"Did I scream?"
He grinned, "No, Ill have to give you that. Do you want me to give you a long, flowery speech? I dont think either of us would enjoy it much, but if you insist-"
"Dont be silly. Its much too muddy for you to get down on one knee. Youd ruin your robe."
"And we wouldnt want that, would we? Im going to be wearing this robe so often after today."
She sighed, "No. Whyd you have to do that?"
"Make me depressed again," she shivered and turned away towards the lake, rubbing her arms gently, "This is the last time well ever be here again, you know?
Silently he moved to stand beside her, "Isnt that a little overly dramatic? You can come back- be the librarian after Pince finally croaks."
She gave a small laugh and leaned up against him, glad for his warmth as the wind picked up again and it grew cooler. The sun was rapidly setting in the west, reflecting golden against the grey haze over the lake, "You know thats not what I mean. Sure we can come back. But well never be back. Itll never be the same."
"I reckon life would get pretty boring if it always stayed the same," he offered, placing a tentative arm over her shoulders, as if he thought it might bite her.
"Yeah, thats what I keep telling myself. Somehow its harder to convince myself of that, though. Hogwarts- its been the best thing in my life, Ron. Maybe what comes next will be better, but Im afraid to meet it. Afraid."
"I guess thats what life is really all about, isnt it?" mused Ron, rubbing her arms absently, "Change. I dont think theres anyone whos not afraid of it, really. Not me, or Harry, or even Dumbledore."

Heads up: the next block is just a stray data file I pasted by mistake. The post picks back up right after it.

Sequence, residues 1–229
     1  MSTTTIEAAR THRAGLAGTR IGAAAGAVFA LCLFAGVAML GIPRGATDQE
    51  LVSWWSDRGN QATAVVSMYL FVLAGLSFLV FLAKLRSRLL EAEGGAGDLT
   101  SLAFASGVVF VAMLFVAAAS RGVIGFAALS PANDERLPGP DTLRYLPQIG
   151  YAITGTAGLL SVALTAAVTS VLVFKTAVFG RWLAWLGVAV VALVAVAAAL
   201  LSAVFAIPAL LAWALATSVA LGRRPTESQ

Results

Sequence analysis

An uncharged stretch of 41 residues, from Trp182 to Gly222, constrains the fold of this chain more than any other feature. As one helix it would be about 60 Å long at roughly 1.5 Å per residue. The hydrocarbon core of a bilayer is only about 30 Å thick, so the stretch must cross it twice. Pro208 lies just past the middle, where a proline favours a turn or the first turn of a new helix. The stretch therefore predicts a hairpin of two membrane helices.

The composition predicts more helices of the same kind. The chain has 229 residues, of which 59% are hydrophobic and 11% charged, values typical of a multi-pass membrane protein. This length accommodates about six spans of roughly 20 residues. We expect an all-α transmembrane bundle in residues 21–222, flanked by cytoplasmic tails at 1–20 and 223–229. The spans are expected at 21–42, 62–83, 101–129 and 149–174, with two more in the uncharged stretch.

"I suppose not. But thats another hard thing, isnt it? Saying good-bye, to Dumbledore, and Harry, and you "
"You wont have to say good-bye to me, Mione," he said vehemently, turning her around to face him, "I wont let you."
They were silent for another long moment. "Thank-you, Ron."
"No problem," he said lightly, "I guess wed better be getting back into the feast, shouldnt we? Harryll be worried."
"Yeah," she answered, "We probably should."
"It would probably be the best thing to do."
"We might catch cold standing here all night."
"Wouldnt want that."
"No, we wouldnt."
For another long moment, neither moved or spoke. It was Ron who cut into the silence this time, with the air of a man who has decided to either do what he has set out to do or die in the attempt, "Would you mind if I kissed you?"
She laughed, "If youre going to marry me, you might as well."
His answer was not it words, but it was a while later before the two finally started up towards the castle, finally ready to face the feast, and to face their future.